MANATEE — Local roads became less congested as the economy worsened and gasoline prices rose, according to a study released Wednesday.
The average Sarasota-Bradenton driver spent 25 hours stuck in rush-hour traffic in 2007, two fewer hours than in the previous year, the Texas Transportation Institute said in its 2009 Urban Mobility Report. That made Sarasota-Bradenton the country’s 51st most-congested metro area, an improvement of four spots.
Those findings did not surprise local transportation officials, who said people are driving less because of rising unemployment and gas prices.
“People really changed their driving habits because of the economy and gas prices,” said Mike Howe, executive director of the Sarasota/Manatee Metropolitan Planning Organization. “They’re being more selective in where they drive and how they drive their cars.”
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The number of miles driven on local roads fell by 3 percent from 2006 to 2007, according to the study. Mass-transit ridership rose locally by a similar percentage.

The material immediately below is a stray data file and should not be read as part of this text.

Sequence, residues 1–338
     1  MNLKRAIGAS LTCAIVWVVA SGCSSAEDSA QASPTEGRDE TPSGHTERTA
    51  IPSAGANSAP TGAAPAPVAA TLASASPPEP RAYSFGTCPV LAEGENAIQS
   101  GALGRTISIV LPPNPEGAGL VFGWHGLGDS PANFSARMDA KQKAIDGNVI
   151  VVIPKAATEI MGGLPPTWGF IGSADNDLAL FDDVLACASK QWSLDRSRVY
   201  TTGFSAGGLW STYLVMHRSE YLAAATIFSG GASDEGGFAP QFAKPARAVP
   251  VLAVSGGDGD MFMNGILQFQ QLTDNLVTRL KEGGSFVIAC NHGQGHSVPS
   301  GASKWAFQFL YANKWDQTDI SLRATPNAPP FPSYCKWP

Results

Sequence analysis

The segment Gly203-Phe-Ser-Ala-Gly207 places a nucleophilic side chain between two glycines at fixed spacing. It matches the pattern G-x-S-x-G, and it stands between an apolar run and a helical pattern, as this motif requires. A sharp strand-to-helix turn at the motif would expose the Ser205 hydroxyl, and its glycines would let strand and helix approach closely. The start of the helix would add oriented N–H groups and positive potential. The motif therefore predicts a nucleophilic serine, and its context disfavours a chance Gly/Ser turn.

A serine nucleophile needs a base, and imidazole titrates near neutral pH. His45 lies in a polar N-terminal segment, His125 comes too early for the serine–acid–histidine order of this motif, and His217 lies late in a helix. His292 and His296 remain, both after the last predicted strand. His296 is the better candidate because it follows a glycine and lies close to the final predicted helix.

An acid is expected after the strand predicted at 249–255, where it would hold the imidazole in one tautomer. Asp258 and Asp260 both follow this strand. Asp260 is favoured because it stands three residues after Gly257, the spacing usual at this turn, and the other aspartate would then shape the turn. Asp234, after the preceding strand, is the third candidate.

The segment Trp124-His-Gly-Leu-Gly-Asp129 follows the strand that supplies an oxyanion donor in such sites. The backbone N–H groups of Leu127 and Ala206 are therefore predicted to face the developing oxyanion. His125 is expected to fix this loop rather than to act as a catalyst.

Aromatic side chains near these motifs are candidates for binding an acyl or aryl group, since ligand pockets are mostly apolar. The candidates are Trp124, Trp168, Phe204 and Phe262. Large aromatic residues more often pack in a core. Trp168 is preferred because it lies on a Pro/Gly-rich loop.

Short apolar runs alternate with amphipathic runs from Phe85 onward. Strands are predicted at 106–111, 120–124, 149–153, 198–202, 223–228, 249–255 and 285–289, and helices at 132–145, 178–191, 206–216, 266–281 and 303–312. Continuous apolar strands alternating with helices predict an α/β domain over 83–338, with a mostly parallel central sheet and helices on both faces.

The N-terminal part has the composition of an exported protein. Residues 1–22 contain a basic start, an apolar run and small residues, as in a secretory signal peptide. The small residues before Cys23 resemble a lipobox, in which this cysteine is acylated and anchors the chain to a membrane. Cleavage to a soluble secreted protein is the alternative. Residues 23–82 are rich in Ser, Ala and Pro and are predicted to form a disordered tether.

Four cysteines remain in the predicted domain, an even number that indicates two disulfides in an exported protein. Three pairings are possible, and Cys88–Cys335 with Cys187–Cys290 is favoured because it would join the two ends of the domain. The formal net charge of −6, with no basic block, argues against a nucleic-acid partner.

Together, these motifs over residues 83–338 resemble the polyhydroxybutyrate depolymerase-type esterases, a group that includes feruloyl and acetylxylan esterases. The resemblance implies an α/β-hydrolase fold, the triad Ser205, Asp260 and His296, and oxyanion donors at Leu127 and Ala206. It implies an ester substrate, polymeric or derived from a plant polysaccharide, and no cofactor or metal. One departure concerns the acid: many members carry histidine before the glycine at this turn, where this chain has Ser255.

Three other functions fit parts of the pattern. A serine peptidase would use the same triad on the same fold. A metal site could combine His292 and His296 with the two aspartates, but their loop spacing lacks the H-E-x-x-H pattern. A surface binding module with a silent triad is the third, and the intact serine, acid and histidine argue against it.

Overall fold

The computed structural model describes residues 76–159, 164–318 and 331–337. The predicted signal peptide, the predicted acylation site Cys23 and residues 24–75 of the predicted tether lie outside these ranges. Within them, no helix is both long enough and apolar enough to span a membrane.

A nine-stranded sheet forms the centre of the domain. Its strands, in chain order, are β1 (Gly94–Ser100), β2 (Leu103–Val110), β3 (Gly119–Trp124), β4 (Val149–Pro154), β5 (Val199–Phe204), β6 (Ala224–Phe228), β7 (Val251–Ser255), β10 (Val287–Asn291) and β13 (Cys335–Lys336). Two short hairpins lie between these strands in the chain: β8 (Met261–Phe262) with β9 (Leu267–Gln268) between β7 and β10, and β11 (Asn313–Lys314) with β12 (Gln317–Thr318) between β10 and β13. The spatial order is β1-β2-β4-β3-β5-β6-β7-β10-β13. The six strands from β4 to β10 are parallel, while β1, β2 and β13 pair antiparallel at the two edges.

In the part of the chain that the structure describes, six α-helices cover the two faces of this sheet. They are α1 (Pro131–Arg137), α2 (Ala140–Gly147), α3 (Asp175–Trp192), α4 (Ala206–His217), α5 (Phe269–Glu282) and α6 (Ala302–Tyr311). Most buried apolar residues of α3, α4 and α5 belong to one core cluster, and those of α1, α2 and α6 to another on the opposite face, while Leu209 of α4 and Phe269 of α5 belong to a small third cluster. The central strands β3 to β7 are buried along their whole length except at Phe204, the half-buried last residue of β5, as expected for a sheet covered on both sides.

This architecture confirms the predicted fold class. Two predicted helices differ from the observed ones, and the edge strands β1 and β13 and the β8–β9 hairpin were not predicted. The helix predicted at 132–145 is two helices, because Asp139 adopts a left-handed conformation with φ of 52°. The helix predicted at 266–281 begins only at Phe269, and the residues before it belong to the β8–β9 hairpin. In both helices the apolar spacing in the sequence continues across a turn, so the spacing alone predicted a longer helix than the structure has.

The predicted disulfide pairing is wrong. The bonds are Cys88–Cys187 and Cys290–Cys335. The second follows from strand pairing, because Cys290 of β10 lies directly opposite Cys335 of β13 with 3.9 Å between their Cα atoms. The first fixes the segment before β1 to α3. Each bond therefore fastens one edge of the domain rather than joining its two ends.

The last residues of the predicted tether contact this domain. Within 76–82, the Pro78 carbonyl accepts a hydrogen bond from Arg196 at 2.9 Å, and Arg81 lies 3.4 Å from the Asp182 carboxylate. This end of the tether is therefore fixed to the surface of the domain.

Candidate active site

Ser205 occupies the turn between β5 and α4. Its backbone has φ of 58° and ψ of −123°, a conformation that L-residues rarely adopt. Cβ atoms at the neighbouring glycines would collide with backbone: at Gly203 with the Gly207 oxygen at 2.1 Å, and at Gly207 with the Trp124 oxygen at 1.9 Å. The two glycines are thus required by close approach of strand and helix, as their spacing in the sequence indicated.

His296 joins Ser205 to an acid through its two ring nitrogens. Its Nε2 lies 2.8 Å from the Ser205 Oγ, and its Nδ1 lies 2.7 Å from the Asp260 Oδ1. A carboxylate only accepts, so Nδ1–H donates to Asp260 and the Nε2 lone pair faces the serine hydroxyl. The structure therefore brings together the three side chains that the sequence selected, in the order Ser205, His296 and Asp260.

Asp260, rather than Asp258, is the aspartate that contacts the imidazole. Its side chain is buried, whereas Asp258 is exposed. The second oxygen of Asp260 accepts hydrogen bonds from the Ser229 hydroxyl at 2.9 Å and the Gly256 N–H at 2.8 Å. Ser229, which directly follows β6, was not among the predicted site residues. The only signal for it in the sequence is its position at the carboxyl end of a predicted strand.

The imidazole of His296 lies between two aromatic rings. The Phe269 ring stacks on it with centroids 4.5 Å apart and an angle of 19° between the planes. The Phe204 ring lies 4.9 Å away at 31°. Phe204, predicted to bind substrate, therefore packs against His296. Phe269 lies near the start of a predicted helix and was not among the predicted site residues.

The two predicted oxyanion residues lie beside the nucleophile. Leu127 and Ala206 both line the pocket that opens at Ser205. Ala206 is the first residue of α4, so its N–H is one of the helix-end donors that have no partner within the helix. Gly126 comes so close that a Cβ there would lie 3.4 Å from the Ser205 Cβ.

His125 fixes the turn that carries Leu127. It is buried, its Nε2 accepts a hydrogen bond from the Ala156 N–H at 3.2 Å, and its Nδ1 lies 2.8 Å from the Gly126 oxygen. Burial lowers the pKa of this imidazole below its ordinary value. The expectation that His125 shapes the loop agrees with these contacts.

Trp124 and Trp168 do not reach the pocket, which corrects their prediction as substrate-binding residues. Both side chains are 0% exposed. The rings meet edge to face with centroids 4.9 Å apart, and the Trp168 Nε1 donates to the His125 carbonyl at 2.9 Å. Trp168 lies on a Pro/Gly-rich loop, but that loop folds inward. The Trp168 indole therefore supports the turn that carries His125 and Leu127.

While the rankings are based on 2007 federal data, state data suggest the trend not only continued but accelerated last year as the recession deepened and gas prices broke the $4-a-gallon mark.
Traffic levels on roads in Manatee County fell by nearly 5 percent from 2007 to 2008, according to a Bradenton Herald analysis of traffic counts conducted by the Florida Department of Transportation. Much of the loss was on Interstate 75, where traffic fell by nearly 10 percent. Congestion cost the average Sarasota-Bradenton driver $480 in lost time and wasted fuel two years ago, the study said.
Overall, U.S. drivers spent one hour less stuck in rush-hour traffic in 2007 than they did the year before, the study said.
Los Angeles remained the country’s most-congested metro area, with drivers averaging 70 hours a year in traffic jams.
Orlando, at 53 hours, was the worst in Florida and tied for sixth-worst nationally. Tampa and Miami tied for 12th-worst, with 47 hours.